Who are your mentors? Who do you know personally that influences your work the most?
Mentors are so important! I'm a firm believer that finding one as an artist will shape not only the work we make but also everything from what we like to the way we defend our work. Mentors shape our growth as artists. Sometimes it is one mentor or a combination of many. And mentors come in all shapes and sizes in my opinion.
I was very blessed with my undergrad education in that almost every one of my studio professors became mentors to me. Georgetown College is a small private school and therefore, the art department is small and operates as a family.
Daniel Graham is GC's sculpture and printmaking professor and definitely had the most influence on me while in undergrad. He is a super interesting person and full of energy, constantly encouraging of others, and pushes to meet his high standards. We had great conversations together while I was a student there, and we still do. I keep in contact with Daniel and all the faculty there. Darrell Kincer is GC's photography and digital art professor and was an essential mentor in my undergrad career as well. Darrell was the calm to Daniel's energy. I could walk into Darrell's office and have a heart to heart conversation about where I'm going with my work and my life; as I could with Daniel, whereas Daniel would plant the big dreams, Darrell would ask the big questions that would make me think about which parts of my dreams where the most important to me. Between the two I would be asking myself what I wanted and why.
My work doesn't look like Daniel or Darrell's work but I am certainly influenced by them in thought process. Both of them instilled a sense of intentionality in me with consideration of my materials, process, imagery, etc. And to consider everything. I still look to these two mentors for approval when I am unsure of my direction. I know that I can email them or pop in at GC and have a conversation about my work (or life- because sometimes I need that too).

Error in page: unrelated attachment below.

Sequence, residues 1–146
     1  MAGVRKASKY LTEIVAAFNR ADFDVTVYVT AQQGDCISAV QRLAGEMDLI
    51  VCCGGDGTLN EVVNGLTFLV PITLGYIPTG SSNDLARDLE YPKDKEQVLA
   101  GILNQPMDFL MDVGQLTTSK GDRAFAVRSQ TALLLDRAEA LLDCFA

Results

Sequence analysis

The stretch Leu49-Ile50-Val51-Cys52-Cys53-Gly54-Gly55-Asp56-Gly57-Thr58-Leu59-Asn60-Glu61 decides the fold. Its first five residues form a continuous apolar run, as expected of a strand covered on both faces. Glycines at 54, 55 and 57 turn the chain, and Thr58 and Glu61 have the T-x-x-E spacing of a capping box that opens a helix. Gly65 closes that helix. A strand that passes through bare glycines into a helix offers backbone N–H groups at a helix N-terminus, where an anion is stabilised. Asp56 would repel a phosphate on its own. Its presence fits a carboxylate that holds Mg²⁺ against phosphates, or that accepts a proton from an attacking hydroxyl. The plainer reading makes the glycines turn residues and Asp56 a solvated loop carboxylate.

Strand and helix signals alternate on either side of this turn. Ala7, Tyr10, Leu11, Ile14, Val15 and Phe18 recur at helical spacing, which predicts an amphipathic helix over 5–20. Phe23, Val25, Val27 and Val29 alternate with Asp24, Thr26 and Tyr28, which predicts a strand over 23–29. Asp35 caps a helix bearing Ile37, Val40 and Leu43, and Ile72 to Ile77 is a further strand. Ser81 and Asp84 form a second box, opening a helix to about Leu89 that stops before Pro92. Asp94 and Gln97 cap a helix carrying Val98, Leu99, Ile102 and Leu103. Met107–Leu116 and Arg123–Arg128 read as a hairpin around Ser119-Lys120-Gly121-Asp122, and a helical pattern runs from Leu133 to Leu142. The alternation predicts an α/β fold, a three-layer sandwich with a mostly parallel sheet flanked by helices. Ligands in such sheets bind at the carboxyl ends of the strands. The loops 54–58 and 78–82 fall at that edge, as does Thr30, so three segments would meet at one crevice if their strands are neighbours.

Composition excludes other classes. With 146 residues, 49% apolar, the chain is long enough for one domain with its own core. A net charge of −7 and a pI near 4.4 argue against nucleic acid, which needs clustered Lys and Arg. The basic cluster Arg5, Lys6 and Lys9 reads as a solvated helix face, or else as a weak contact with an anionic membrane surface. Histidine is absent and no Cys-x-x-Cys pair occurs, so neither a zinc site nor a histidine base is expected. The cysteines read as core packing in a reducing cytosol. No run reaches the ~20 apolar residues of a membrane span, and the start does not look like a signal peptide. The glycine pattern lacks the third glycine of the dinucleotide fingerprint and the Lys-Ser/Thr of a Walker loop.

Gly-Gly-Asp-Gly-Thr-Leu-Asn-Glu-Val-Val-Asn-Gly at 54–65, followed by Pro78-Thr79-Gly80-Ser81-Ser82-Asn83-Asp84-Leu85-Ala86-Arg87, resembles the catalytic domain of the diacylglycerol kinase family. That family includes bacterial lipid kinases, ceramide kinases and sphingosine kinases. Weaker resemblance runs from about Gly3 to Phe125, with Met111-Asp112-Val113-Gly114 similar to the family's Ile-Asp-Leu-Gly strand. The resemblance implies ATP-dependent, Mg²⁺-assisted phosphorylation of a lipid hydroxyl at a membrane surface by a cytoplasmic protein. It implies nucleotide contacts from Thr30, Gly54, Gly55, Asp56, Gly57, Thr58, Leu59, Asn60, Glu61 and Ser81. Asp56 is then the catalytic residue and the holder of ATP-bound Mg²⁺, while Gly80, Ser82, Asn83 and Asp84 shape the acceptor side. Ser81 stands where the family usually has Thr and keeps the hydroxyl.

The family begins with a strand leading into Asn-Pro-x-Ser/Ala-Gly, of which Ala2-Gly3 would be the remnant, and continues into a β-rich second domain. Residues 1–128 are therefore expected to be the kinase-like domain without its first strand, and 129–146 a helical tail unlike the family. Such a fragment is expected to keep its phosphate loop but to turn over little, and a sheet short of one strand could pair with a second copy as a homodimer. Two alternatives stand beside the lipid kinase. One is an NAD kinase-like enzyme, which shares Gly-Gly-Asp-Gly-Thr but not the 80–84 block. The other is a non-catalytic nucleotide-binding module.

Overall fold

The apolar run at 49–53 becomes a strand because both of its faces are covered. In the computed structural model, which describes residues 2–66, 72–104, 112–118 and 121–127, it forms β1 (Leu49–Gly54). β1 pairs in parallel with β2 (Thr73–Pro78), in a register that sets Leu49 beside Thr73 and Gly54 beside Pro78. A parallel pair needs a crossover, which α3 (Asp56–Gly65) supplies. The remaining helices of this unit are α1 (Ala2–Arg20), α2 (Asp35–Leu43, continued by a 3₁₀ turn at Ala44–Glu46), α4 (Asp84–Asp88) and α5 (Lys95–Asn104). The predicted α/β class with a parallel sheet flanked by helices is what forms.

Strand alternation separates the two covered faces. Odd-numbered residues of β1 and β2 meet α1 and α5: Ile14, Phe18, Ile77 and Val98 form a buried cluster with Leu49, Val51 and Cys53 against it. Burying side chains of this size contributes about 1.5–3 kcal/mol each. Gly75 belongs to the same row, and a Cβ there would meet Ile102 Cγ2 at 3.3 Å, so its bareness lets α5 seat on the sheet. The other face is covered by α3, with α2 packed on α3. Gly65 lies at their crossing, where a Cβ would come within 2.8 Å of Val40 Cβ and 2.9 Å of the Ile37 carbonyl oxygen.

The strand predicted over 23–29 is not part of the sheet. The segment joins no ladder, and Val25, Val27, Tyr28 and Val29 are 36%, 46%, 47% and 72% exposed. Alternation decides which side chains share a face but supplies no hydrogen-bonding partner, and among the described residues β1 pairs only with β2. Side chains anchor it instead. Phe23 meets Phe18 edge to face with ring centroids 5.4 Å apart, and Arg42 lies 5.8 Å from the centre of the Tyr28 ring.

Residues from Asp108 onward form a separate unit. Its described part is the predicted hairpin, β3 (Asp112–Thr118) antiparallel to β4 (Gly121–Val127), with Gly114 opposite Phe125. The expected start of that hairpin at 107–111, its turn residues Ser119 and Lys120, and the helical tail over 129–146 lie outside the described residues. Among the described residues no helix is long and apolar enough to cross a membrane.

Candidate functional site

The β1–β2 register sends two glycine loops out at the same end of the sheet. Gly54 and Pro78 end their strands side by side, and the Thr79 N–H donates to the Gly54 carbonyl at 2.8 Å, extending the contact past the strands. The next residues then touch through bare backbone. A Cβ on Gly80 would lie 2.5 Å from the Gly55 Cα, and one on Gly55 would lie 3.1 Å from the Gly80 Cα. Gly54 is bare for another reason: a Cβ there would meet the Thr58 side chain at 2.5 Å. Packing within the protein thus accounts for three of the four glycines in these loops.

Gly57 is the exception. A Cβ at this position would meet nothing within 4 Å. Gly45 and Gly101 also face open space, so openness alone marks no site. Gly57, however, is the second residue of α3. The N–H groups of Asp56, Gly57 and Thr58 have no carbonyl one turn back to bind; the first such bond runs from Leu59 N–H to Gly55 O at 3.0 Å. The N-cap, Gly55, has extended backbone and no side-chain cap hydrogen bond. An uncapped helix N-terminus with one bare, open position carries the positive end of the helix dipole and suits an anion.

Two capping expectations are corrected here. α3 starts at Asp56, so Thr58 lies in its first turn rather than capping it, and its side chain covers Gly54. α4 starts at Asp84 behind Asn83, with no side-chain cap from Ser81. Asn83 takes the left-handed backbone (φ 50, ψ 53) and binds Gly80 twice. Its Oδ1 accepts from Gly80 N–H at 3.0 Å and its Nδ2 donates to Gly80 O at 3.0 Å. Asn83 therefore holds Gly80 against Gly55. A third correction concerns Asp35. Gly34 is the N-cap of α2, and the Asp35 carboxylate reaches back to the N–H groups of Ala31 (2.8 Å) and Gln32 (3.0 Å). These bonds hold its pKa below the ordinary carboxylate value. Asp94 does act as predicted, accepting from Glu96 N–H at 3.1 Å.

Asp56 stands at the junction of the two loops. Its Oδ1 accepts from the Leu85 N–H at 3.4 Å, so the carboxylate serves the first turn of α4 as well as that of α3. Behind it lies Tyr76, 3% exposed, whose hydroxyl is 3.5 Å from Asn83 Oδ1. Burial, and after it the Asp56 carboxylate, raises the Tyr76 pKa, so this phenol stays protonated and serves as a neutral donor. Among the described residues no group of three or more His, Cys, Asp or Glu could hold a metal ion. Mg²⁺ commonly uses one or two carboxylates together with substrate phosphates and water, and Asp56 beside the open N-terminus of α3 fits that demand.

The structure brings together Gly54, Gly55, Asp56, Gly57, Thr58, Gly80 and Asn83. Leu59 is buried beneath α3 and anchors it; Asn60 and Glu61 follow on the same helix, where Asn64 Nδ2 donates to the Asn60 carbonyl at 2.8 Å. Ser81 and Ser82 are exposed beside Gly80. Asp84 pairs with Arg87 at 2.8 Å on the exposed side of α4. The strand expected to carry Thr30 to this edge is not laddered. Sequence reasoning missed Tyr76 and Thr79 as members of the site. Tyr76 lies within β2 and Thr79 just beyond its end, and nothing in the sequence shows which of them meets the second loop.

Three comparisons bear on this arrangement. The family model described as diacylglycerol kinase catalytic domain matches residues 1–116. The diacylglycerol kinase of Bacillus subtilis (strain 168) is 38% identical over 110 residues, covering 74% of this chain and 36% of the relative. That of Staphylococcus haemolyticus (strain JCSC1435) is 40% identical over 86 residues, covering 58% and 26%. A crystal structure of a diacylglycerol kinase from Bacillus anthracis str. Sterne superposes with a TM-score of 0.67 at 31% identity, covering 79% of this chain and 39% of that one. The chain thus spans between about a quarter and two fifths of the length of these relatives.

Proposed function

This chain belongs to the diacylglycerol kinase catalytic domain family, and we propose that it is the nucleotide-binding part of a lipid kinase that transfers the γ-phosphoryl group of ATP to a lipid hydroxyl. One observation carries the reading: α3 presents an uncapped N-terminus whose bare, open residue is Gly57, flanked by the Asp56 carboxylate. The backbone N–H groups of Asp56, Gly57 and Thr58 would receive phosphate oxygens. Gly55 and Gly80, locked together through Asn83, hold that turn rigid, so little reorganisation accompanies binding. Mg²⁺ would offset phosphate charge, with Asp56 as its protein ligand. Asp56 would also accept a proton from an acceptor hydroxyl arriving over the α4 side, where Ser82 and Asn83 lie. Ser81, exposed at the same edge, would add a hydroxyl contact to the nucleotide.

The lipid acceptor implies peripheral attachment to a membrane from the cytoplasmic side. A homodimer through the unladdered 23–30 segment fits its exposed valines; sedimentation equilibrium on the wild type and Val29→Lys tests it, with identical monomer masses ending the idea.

Lastly, at GC was the art historian and awesome woman Dr. Juliee Decker. This may sound crazy (remember I'm from SmallTown, USA) but Dr. Decker was the first woman I met that was established, married, and happy without children or the intention to have any children. Dr. Decker is strong willed, confident, sassy, so freaking smart, and amazing. I learned so much from her outside of just taking art history courses. I took extra art history classes just to pick up more life skills from Dr. Decker; the way she carries herself, thinks through a situation, and takes charge without making others feel inferior. My first semester at GC I was convinced I was going to transfer, Dr. D was the reason I stayed. She was the first person to reach out to me b/c I was in her Survey of Art History 1 class and she saw the potential in me.
Daniel, Darrell, and Dr. D are part of my art family and my real life mentors.
One of the challenges of graduate school is learning to have those conversations with yourself (and not in the crazy kind of way- but in the not crazy kind of way). I know what questions to ask myself about my own work but its difficult to hold myself accountable when I'm not verbally having the same discourse with another person. I'm getting better though in seeking out those people to have conversations with. I'm also relying more on the other graduate students (even though the number is small its still an important one). I'm glad that I have the faculty at GC to fall back on when I need free pep talks and help with the direction of my work.
I am a contemporary artist focused on the intersection of art and science in Lexington, KY.